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What Does Sleep Do for You?

A number of tasks vital to health and quality of life are linked to sleep, and these tasks are impaired when you are sleep deprived.

Learning, Memory, and Mood

Students who have trouble grasping new information or learning new skills are often advised to "sleep on it," and that advice seems well founded. Recent studies reveal that people can learn a task better if they are well rested. They also can remember better what they learned if they get a good night's sleep after learning the task than if they are sleep deprived. Volunteers had to sleep at least 6 hours to show improvement in learning, and the amount of improvement was directly tied to how much time they slept. In other words, volunteers who slept 8 hours outperformed those who slept only 6 or 7 hours. Other studies suggest that all the benefits of training for mentally challenging tasks are maximized after a good night's sleep, rather than immediately following the training or after sleeping for a short period overnight.

Many well-known artists and scientists claim to have had creative insights while they slept. Mary Shelley, for example, said the idea for her novel Frankenstein came to her in a dream. Although it has not been shown that dreaming is the driving force behind innovation, one study suggests that sleep is needed for creative problem solving. In that study, volunteers were asked to perform a memory task and then were tested 8 hours later. Those who were allowed to sleep for 8 hours immediately after receiving the task and before being tested were much more likely to find a creative way of simplifying the task and improving their performance compared to those who were awake the entire 8 hours before being tested.

Exactly what happens during sleep to improve our learning, memory, and insight isn't known. Experts suspect, however, that while people sleep, they form or reinforce the pathways of brain cells needed to perform these tasks. This process may explain why sleep is needed for proper brain development in infants.

Not only is a good night's sleep required to form new learning and memory pathways in the brain, but sleep is also necessary for those pathways to work up to speed. Several studies show that lack of sleep causes thinking processes to slow down. Lack of sleep also makes it harder to focus and pay attention. Lack of sleep can make you more easily confused. Studies also find a lack of sleep leads to faulty decisionmaking and more risk taking. A lack of sleep slows down your reaction time, which is particularly significant to driving and other tasks that require quick response. When people who lack sleep are tested by using a driving simulator, they perform just as poorly as people who are drunk. (See "Crash in Bed Not on the Road.") The bottom line is: not getting a good night's sleep can be dangerous!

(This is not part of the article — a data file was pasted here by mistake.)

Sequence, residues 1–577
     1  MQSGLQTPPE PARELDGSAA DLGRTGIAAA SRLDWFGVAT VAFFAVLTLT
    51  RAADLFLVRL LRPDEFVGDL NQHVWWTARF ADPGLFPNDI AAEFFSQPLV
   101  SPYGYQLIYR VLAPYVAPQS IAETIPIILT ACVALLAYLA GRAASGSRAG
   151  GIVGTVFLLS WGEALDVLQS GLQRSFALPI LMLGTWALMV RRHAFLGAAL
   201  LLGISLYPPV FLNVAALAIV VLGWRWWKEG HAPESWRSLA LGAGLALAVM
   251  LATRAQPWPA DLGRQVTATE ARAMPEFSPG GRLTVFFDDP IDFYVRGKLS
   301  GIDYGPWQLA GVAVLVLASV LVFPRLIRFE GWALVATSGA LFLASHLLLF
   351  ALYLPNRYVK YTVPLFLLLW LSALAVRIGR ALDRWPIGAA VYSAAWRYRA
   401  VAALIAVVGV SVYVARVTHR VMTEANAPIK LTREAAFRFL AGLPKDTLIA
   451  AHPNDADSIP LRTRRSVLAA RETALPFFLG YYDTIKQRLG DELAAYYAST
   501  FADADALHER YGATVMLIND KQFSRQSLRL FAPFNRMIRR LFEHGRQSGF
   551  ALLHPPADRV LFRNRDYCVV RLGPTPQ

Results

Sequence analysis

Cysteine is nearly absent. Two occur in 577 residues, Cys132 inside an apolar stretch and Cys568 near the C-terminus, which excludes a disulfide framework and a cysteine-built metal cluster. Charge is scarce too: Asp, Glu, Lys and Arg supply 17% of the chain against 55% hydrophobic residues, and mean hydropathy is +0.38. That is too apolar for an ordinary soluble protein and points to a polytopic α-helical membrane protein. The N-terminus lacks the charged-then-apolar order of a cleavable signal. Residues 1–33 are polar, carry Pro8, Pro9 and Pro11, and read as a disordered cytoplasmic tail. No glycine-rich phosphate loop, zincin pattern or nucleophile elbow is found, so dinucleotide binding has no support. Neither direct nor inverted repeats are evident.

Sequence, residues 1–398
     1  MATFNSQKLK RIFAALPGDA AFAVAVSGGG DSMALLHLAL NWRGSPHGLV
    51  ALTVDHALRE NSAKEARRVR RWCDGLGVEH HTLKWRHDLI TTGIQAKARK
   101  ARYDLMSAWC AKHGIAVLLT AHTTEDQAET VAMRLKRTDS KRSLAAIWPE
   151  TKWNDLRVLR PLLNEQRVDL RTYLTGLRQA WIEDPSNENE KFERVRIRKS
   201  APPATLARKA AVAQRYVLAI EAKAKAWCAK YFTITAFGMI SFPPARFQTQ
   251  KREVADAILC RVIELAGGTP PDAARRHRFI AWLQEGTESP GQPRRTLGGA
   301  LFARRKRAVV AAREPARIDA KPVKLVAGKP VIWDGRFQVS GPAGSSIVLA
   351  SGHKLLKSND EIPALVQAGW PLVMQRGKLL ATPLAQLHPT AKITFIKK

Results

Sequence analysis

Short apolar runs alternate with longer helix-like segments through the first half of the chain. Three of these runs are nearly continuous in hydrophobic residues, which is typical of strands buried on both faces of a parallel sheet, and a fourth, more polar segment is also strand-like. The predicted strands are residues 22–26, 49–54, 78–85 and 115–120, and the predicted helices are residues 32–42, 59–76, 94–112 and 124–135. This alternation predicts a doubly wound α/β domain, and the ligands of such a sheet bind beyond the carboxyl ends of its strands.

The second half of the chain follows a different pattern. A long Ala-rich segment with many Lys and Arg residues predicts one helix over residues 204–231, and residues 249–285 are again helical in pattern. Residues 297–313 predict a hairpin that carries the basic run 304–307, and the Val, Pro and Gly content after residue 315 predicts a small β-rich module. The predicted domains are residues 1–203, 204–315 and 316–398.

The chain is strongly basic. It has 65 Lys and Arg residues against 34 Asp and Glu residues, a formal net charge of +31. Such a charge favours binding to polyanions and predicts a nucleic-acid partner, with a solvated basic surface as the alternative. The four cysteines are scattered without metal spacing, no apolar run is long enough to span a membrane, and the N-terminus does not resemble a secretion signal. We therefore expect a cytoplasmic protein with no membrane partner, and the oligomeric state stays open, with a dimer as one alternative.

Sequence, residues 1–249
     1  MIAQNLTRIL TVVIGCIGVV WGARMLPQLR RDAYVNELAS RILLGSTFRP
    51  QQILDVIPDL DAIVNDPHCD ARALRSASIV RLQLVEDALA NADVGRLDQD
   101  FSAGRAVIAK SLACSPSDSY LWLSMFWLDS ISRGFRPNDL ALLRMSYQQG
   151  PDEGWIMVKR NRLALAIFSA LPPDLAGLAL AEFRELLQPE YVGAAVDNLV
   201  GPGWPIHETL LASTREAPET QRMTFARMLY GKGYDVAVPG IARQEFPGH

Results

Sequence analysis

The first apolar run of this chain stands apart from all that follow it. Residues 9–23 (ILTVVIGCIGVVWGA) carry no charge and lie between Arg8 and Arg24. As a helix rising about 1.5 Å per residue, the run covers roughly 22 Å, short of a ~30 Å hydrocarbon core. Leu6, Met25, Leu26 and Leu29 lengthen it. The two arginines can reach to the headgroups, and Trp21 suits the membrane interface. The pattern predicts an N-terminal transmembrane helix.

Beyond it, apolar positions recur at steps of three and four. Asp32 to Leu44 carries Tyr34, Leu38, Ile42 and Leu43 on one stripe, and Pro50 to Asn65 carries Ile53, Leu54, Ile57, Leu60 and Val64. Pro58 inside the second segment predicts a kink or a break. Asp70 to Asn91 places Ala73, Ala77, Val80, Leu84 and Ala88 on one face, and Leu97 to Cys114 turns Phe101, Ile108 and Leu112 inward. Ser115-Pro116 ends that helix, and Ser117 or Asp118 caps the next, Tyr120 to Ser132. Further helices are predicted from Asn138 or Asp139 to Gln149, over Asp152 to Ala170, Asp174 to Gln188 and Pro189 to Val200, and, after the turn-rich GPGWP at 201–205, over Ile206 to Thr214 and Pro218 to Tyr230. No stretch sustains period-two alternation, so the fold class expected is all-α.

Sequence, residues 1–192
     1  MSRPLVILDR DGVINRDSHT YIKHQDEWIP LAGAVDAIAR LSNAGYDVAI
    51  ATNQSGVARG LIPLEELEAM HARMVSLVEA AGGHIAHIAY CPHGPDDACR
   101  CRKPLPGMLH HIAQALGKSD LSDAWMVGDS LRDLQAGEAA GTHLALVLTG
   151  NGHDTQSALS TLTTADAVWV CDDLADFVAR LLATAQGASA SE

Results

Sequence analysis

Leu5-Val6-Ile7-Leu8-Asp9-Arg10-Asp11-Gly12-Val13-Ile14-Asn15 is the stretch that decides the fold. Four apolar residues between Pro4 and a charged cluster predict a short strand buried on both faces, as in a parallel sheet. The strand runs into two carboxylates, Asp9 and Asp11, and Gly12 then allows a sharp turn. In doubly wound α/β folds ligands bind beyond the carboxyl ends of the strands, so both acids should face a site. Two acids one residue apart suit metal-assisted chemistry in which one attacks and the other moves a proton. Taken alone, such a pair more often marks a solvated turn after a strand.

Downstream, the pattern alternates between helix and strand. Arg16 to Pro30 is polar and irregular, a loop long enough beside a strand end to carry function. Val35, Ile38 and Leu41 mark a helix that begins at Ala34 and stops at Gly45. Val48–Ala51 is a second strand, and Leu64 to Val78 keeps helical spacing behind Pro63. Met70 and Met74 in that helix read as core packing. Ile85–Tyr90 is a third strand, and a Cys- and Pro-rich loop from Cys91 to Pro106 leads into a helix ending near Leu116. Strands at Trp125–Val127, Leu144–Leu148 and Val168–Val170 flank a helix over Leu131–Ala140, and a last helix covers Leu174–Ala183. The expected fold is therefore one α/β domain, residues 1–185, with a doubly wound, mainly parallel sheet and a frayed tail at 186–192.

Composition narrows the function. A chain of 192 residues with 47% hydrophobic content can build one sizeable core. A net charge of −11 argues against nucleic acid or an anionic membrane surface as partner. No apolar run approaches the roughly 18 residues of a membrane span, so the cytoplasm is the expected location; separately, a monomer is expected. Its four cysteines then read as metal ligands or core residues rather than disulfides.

Even if you don't have a mentally or physically challenging day ahead of you, you should still get enough sleep to put yourself in a good mood. Most people report being irritable, if not downright unhappy, when they lack sleep. People who chronically suffer from a lack of sleep, either because they do not spend enough time in bed or because they have an untreated sleep disorder, are at greater risk of developing depression. One group of people who usually don't get enough sleep is mothers of newborns. Some experts think depression after childbirth (postpartum blues) is caused, in part, by a lack of sleep.

Your Heart

Sleep gives your heart and vascular system a much-needed rest. During non-REM sleep, your heart rate and blood pressure progressively slow as you enter deeper sleep. During REM sleep, your heart rate and blood pressure have boosted spikes of activity. Overall, however, sleep reduces your heart rate and blood pressure by about 10 percent.

If you don't get enough sleep, this nightly dip in blood pressure, which appears to be important for good cardiovascular health, may not occur. According to several studies, if your blood pressure does not dip during sleep, you are more likely to experience strokes, chest pain known as angina, an irregular heartbeat, and heart attacks. You are also more likely to develop congestive heart failure, a condition in which fluid builds up in the body because the heart is not pumping sufficiently. Failure to experience the normal dip in blood pressure during sleep can be related to insufficient sleep time, an untreated sleep disorder, or other factors. African Americans, for example, tend not to have as much of a dip in blood pressure during sleep. This difference may help to explain why they are more likely than Caucasians to have serious cardiovascular disease.